And indeed, when Jennifer Rubin wonders why most Jewish organizations aren't raising more hackles about Obama's alleged maltreatment of the Israeli government, it is that memory I return to -- to wit, it might because many American Jewish leaders and many Jewish synagogue-attendees never really liked Netanyahu in the first place, and blame him far more than President Obama for any diminution of Israel's standing with the US (not to mention worldwide). So, while Rubin declares that "self-deluded American Jewish communal leaders" are now part of the "unprecedented array of threats" facing Israel, many of these leaders may well believe that self-aggrandizing "leaders" like Netanyahu and right-wing enablers like Rubin who more deserve that label.
But anyway. The point is, I'm genuinely skeptical over whether PM Netanyahu has a serious commitment to forging a two-state solution with secured borders, one which would preserve Israel as a Jewish and democratic state. I don't know if, in his heart of hearts, he recognizes the gravity of the threat. And while he sometimes spouts the right lines in public, there is no urgency and very little tangible movement on his part -- making me worry it is just a platitude for public consumption.
However, Ha'aretz has an interesting report of proceedings at an Israeli cabinet meeting:
Prime Minister Benjamin Netanyahu surprised many of the participants in the weekly cabinet meeting Sunday when he embarked on a monologue praising the idea of parting from the Palestinians and in relinquishing portions of the West Bank. Netanyahu said the number of Palestinians and Jews between the Jordan River and the sea "is irrelevant" and that it's more important to "preserve a solid Jewish majority inside the State of Israel."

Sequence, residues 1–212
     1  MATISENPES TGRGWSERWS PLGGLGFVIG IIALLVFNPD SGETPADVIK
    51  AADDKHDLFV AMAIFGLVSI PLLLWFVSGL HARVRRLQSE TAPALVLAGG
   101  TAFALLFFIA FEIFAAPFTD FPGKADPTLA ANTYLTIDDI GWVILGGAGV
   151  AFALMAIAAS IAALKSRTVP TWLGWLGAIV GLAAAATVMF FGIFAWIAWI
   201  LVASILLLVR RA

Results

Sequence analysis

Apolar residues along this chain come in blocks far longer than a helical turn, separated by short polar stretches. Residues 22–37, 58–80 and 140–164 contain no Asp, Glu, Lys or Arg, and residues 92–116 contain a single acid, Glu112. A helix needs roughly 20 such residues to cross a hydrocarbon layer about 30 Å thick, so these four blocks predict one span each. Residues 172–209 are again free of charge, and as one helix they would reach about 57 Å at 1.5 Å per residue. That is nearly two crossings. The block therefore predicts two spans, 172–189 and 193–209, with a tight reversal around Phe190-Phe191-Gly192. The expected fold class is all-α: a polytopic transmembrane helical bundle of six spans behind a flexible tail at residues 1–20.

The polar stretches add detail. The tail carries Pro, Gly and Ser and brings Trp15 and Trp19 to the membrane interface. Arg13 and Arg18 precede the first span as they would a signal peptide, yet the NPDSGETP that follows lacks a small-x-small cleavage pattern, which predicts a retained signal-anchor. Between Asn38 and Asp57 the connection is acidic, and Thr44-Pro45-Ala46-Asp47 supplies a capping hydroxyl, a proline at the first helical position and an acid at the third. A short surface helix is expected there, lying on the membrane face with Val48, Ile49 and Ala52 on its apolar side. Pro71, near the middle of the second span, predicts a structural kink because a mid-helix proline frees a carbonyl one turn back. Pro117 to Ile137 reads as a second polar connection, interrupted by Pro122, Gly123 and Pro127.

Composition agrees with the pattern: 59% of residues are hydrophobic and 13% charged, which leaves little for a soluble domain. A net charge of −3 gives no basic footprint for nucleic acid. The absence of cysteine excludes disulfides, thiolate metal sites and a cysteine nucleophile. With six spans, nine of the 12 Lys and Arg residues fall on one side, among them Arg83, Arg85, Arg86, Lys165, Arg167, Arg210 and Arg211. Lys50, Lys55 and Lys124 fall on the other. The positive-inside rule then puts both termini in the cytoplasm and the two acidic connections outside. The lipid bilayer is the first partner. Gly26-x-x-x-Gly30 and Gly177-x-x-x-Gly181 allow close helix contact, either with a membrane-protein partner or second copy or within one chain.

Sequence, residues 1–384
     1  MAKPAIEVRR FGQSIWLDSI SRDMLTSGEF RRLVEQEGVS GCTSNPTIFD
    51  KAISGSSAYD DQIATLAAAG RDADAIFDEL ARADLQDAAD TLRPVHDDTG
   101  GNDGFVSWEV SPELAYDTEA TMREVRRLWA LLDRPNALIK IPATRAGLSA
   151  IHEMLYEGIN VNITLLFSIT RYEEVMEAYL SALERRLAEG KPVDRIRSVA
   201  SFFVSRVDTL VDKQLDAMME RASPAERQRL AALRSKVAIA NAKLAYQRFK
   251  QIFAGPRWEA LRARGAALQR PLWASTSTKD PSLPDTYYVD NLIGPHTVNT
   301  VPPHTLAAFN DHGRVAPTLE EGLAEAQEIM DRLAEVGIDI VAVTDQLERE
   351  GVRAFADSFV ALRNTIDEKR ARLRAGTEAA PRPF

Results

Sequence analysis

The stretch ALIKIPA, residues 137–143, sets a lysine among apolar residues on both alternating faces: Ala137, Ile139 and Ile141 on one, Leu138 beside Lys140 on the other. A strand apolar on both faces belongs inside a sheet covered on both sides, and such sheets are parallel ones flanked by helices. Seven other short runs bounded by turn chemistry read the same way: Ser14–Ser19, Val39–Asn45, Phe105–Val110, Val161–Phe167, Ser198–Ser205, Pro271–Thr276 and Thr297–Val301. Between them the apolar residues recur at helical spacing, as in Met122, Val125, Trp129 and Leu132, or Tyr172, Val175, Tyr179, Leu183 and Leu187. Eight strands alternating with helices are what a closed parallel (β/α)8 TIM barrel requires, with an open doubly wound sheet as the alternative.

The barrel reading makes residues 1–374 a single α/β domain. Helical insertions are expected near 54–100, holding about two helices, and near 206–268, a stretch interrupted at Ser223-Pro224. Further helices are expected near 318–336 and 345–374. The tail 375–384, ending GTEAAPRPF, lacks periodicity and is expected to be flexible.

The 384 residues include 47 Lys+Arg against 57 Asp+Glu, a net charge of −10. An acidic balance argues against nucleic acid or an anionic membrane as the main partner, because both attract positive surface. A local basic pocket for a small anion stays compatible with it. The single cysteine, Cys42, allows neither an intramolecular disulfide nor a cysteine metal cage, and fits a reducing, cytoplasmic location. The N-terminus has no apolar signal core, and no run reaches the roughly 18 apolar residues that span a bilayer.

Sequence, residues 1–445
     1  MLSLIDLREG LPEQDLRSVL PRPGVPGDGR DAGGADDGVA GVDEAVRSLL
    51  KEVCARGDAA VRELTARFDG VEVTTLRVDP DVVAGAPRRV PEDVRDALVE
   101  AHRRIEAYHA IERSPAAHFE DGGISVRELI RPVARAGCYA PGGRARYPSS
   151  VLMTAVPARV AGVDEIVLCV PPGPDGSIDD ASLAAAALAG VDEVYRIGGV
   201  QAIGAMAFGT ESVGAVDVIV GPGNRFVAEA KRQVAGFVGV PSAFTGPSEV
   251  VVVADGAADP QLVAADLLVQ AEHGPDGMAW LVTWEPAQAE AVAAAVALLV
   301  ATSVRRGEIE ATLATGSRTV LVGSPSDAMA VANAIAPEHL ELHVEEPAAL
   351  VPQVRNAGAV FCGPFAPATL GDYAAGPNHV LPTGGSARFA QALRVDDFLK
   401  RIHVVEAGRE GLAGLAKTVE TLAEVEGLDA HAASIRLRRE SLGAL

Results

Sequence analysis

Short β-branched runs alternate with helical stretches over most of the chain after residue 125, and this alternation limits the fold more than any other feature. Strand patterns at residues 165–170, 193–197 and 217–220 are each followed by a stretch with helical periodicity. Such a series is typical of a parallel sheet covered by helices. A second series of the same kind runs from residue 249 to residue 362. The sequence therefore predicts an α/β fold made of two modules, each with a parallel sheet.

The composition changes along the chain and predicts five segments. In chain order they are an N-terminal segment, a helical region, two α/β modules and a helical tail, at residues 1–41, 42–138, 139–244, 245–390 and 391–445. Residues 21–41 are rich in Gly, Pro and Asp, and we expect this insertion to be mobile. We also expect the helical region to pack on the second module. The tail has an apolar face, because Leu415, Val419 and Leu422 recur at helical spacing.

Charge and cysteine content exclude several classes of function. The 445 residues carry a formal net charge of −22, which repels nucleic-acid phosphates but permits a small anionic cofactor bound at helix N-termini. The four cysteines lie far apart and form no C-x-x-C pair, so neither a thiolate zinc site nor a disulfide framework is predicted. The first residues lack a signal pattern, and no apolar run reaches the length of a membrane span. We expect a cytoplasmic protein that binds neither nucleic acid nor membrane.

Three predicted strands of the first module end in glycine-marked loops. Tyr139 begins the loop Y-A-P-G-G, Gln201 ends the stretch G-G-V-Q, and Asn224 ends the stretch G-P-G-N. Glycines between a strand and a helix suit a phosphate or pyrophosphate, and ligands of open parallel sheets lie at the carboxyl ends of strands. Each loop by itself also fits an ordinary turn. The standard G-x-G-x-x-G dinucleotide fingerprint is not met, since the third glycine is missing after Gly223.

The PM made these statements during a discussion on a report by the Jewish People Policy Institute on demographic changes among Jews and Palestinians in Israel and the West Bank.
Members of the institute presented the demographic data of Prof. Sergio DellaPergola, which show that, in a number of years, the demographic trends will result in a Palestinian majority between the Jordan River and the Mediterranean Sea.
Ministers Limor Livnat and Uzi Landau were surprised by the data and asked that the data of other experts be presented - for example, the data of Yoram Ettinger, who is affiliated with the right. The right argue that the demographic threat to the State of Israel is not so serious.
The prime minister cut short the discussion and surprised those present with previously unspoken sentiments about the future Israeli presence in the West Bank.
"The debate over how many Jews and how many Palestinians will be between the Jordan and the sea is irrelevant," Netanyahu said. "It does not matter to me whether there are half a million more Palestinians or less because I have no wish to annex them into Israel. I want to separate from them so that they will not be Israeli citizens. I am interested that there be a solid Jewish majority inside the State of Israel. Inside its borders, as these will be defined," Netanyahu explained.
Aides of the PM realized how politically explosive his statements were and asked all those present in the room to avoid disseminating the details.
It's that last part which intrigues me, because it is evidence that Netanyahu is making these claims now in private, in cabinet meetings dominated by his right-wing allies -- i.e., in a forum where it explicitly not designed for public consumption, to the political allies who most needed to hear it. Of course, this could be naivety on my part -- Bibi may have been well aware that his statements would be leaked, and so it might be just as good as a public statement. It's a little 11-dimensional chess for my tastes, but it's hardly out of the question.
Still, it is heartening that even a hardcore irredentist like Netanyahu may finally be starting to get it, and be taking the first steps to whipping his cabinet into shape. I'm dubious about Bibi's ability to be a leader, but he's the leader Israel has, so we have no choice but to hope.